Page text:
Online Courses (English)
This just in:

State PCS

Daily Updates

Biodiversity & Environment

State of Climate Services Report 2021: WMO

Star marking (1-5) indicates the importance of topic for CSE
  • 08 Oct 2021
  • 5 min read

Why in News

Recently, the World Meteorological Organization (WMO) released the State of Climate Services report 2021. It focuses on Terrestrial Water Storage.

Key Points

  • Terrestrial Water Storage (TWS):
    • TWS is the sum of all water on the land surface and in the subsurface, i.e. surface water, soil moisture, snow and ice and groundwater.
      • Water is a key prerequisite for human development. But only 0.5% of water on Earth is usable and available as freshwater.
    • Water resources across the world are under tremendous pressure due to human and naturally-induced stressors.
      • These include population growth, urbanisation and decreasing availability of freshwater.
    • Extreme weather events too have been responsible for the pressure on water resources realised across sectors and regions.
  • Global Scenario:
    • TWS dropped at a rate of 1 cm per year in 20 years (2002-2021).
    • The biggest losses have occurred in Antarctica and Greenland. But many highly populated, lower latitude locations have also experienced TWS losses.
  • Indian Scenario:
    • About:
      • The TWS has been lost at a rate of at least 3 cm per year. In some regions, the loss has been over 4 cm per year too.
      • India has recorded the highest loss in terrestrial water storage if the loss of water storage in Antarctica and Greenland is excluded.
      • India is the ‘topmost hotspot of TWS loss’. The northern part of India has experienced the maximum loss within the country.
    • Per Capita Availability:
      • In India, per capita water availability is reducing due to an increase in population.
      • The average annual per capita water availability has reduced to 1,545 cubic metres in 2011, from 1,816 cubic metres in 2001.
      • It is projected to further decrease to 1,367 cubic metres in 2031, according to the Union Ministry of Housing and Urban Affairs.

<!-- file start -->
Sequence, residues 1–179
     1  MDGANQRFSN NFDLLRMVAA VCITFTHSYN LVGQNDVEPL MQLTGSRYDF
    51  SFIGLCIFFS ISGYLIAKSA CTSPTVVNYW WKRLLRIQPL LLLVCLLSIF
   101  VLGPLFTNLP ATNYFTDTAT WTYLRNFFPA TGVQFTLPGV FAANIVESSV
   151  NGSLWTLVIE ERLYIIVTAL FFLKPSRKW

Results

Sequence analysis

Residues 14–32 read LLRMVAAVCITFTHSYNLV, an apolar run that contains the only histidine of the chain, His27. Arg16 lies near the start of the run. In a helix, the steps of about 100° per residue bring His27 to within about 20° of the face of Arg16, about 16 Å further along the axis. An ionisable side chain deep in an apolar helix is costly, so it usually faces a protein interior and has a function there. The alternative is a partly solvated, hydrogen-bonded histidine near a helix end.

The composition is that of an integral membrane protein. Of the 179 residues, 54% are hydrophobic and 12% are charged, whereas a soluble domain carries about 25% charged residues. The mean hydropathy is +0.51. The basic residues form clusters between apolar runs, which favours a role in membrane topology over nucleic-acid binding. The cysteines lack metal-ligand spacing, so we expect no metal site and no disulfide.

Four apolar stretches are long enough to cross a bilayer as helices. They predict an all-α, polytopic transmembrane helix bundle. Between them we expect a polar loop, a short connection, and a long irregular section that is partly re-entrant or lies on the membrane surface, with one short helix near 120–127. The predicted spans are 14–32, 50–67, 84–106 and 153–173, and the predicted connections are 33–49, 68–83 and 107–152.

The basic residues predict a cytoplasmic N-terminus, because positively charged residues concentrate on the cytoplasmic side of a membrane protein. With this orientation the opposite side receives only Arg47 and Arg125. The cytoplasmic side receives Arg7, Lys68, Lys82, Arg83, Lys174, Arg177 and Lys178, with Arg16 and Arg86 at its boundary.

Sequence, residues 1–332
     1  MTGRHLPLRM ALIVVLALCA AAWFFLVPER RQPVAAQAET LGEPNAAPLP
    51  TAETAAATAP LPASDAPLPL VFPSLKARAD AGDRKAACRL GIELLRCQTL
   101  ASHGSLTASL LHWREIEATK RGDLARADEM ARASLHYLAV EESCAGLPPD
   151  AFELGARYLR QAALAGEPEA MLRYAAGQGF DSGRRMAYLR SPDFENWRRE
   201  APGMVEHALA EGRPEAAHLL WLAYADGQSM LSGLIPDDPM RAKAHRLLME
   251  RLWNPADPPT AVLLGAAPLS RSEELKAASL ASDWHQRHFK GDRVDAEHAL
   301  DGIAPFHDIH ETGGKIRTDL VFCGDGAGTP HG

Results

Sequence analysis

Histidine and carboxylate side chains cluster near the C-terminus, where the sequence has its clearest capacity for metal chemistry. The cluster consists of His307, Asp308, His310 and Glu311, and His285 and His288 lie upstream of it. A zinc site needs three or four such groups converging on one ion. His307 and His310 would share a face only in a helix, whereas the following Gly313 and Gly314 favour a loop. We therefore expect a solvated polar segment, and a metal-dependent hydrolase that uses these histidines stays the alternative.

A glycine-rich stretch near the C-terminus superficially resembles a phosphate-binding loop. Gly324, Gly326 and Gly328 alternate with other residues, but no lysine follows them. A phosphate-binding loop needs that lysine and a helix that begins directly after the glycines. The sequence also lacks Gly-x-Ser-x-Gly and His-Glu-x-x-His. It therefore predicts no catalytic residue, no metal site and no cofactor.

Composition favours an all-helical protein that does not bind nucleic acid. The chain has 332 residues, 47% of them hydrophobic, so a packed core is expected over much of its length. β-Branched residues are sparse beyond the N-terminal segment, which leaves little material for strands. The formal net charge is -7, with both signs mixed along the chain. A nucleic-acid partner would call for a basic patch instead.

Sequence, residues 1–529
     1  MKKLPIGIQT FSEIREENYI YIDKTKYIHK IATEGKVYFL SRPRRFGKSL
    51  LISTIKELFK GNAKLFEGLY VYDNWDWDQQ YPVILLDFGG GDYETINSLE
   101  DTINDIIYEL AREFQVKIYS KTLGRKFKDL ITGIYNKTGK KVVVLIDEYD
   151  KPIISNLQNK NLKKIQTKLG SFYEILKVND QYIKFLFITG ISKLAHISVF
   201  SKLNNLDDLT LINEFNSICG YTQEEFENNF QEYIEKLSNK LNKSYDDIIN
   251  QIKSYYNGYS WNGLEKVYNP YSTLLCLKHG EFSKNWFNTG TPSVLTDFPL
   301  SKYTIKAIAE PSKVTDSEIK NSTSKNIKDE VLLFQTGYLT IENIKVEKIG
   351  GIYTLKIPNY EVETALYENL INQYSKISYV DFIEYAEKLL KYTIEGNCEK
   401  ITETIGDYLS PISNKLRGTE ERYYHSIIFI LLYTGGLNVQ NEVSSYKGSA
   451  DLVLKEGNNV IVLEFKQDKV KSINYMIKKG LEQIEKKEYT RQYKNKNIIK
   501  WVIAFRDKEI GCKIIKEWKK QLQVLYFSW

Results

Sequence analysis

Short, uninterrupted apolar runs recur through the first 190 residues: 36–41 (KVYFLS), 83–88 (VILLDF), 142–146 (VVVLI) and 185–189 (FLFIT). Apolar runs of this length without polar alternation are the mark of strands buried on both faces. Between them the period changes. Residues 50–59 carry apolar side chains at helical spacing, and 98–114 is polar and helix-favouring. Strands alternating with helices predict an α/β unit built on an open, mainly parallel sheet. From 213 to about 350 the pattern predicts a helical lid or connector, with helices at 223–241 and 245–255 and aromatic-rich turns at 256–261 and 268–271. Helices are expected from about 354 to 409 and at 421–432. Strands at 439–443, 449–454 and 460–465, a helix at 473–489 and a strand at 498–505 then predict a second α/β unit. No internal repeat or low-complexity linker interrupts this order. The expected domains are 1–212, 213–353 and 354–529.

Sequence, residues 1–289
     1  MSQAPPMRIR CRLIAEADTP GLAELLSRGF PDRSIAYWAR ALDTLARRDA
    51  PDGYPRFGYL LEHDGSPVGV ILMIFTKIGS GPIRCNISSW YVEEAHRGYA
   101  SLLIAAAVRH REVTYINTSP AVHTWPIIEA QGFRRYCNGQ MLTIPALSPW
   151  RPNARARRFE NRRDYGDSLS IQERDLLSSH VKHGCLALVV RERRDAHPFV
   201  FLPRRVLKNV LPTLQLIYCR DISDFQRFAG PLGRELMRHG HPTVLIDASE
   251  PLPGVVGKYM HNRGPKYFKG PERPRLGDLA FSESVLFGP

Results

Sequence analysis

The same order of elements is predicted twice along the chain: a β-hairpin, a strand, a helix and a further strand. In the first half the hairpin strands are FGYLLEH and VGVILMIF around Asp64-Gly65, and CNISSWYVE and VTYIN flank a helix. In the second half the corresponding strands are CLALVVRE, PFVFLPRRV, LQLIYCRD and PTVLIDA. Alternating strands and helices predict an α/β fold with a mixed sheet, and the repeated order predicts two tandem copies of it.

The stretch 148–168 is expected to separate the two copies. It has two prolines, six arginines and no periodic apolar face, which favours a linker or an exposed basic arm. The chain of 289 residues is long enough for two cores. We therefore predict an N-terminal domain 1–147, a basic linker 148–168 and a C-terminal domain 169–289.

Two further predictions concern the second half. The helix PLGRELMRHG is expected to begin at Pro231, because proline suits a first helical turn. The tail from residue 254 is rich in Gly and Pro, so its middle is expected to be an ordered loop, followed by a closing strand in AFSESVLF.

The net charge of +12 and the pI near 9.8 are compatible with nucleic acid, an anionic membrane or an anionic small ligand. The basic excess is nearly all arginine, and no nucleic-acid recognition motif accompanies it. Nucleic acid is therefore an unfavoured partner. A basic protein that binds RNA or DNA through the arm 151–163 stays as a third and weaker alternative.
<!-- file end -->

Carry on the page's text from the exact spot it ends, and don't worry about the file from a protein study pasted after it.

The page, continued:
• River Basins:
      • Five of the 21 river basins in India are ‘absolute water scarce’ (per capita water availability below 500 cubic metres) according to the Falkenmark Water Stress Indicator.
      • Five are ‘water scarce’ (per capita water availability below 1,000 cubic metres) and three are ‘water stressed’ (per capita water availability below 1,700 cubic metres).
      • By 2050, six will become absolute water scarce, six will become water scarce and four will become water stressed, according to the State of India’s Environment in figures, 2020.
        • The Falkenmark indicator is one of the most widely used indicators for assessing the stress on water. It relates the total freshwater resources with the total population in a country and indicates the pressure that population puts on water resources, including the needs for natural ecosystems.
  • Recommendations:
    • Investments Needed:
      • Integrated Resources Water Management as a solution to better manage water stress, especially in Small Island Developing States (SIDS) and Least Developed Countries (LDCs).
      • In end-to-end drought and flood early warning systems in at-risk LDCs, including for drought warning in Africa and flood warning in Asia.
    • Fill Capacity Gap:
      • Fill the capacity gap in collecting data for basic hydrological variables which underpin climate services and early warning systems.
      • Fill the gaps in data on country capacities for climate services in the water sector, especially for SIDS.
    • Improve Interaction:
      • Improve the interaction among national level stakeholders to co-develop and operationalize climate services with information users to better support adaptation in the water sector.
      • There is also a pressing need for better monitoring and evaluation of socio-economic benefits, which will help to showcase best practices.
    • Join the Water and Climate Coalition:
      • Water and Climate Coalition is a platform for its members to partner on joint activities and implement solutions that address the gaps of operational water and climate challenges with a focus on data and information.

Source: DTE

SMS Alerts
 

Please login or register to view note list

close

Please login or register to list article as bookmarked

close
 

Please login or register to make your note

close

Please login or register to list article as progressed

close

Please login or register to list article as bookmarked

close